If you’ve ever been denied a loan, as many small business owners have, you’ve experienced a feeling of unworthiness. Why am I not eligible? What have I done to damage my credit? Why don’t I deserve this money?
Chances are, you do. In fact, you may have flawless credit history and the most noble of intentions, and still find yourself facing rejection. This is because, contrary to what we may believe, banks are not overflowing fountains of wealth. Even their funds are limited, and they can’t always provide—even to those most deserving of clients.
As if securing a loan wasn’t difficult enough. Not only do you have to worry about being worthy of it, you have to set yourself apart amid a crowd of individuals who are. Here’s how to do so:
1. Get organized
Walk into a loan meeting empty handed and that’s likely how you’ll leave. A great deal of work goes into securing a loan, much of which should be done before you even make your request.
The first step is reviewing your company records—has your business been profitable for at least three years? Most lenders won’t consider you otherwise. Make sure to also review your credit history and be ready to explain any potential red flags.
If you’ve been in contact with a lender, he or she has likely provided you with a loan application. Bring this to your meeting (obviously) along with hard copies of personal financial statements such as tax records. Banks tend to request these documents and will be pleased if you have them at the ready.
This first step is essential—the ability to plan and prepare is evidence of business aptitude that will shine through to your lender. Arriving with all your documents in order will save your lender time and time, we know, is money.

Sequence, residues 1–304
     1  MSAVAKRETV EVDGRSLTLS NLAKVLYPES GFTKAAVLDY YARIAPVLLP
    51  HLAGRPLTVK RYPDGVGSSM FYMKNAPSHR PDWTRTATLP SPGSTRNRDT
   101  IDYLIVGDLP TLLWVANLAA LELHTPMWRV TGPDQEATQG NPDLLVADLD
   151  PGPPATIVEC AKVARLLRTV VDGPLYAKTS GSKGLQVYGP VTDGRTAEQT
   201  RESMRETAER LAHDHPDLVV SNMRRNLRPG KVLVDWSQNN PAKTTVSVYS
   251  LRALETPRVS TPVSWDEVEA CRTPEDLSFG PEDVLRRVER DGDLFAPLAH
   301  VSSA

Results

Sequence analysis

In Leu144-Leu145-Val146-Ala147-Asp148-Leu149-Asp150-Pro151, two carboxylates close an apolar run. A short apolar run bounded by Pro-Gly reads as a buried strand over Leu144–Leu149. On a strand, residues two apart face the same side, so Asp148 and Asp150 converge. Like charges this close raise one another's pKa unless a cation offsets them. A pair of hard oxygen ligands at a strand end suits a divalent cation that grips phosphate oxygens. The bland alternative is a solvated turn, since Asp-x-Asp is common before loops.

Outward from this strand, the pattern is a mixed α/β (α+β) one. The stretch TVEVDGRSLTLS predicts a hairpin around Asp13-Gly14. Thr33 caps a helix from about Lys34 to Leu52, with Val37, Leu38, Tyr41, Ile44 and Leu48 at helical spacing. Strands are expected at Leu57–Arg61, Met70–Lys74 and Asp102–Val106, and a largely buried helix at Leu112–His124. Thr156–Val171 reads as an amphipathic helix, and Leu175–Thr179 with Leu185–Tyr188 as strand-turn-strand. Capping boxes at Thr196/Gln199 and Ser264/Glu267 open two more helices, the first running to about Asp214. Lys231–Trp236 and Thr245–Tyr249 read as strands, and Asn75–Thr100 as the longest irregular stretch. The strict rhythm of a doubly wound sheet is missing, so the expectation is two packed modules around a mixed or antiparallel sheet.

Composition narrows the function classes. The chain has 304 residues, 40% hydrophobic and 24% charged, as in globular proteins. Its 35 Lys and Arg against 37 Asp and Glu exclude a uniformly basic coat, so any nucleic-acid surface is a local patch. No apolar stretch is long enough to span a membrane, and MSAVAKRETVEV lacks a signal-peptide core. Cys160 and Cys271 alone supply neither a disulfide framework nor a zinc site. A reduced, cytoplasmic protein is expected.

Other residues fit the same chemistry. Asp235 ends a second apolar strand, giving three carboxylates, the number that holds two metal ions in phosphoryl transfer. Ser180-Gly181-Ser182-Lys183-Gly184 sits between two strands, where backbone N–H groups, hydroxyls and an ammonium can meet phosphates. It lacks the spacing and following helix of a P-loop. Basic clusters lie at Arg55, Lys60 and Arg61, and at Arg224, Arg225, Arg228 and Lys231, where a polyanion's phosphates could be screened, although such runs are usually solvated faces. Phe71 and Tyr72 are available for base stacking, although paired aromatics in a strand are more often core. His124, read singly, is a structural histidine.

2. Make your case
You’re in need of money. If you weren’t you wouldn’t bother to request a loan. Make your lender see this; reveal to them why you need their help. Don’t be vague when explaining what the loan is for; tell your lender specifically what you plan to use it to accomplish.
Also highlight the effect not getting the loan will have on your business. Will it force you to fire your hardworking interns? Result in you spending even more time away from your family? Your lender is a person, and as people we relate to stories, not numbers. Tell him yours and he’ll be more inclined to help you.
3. Offer something in return
Would you offer your friend a $1,000 loan without reassurance he would pay it back? Most likely you would not; and if so, for the sole reason that he is your friend. Banks don’t have this incentive. They lend to strangers and are bestowing on them much larger sums. As such, they most often require collateral.
Make sure your business boasts enough assets to secure against your loan. If not, you may have to personally guarantee it.
4. Stay local
Last but not least, as this is the easiest tip to implement: seek out a local bank when requesting a loan. A recent article from Inc. upholds doing so as a chief way to improve your chances of securing a loan, and for good reason.
Local banks have fewer clients which mean fewer people competing for financing. They’re also more likely to hear you out. If your credit report raises red flags or your business has only been profitable for the past 18 months, a national chain will likely trash your application automatically. With hundreds pouring in, they don’t have the time to listen to your explanation.
Another perk of using a local bank is you’re more likely to have a connection to your lender. This is especially true for small communities. Perhaps you belong to the same organization or your sons play on the same baseball team. If so, your lender may be more inclined to prioritize your request.
Need help getting your finances in order before applying for a loan? Our outsourced accounting and CFO services experts can help.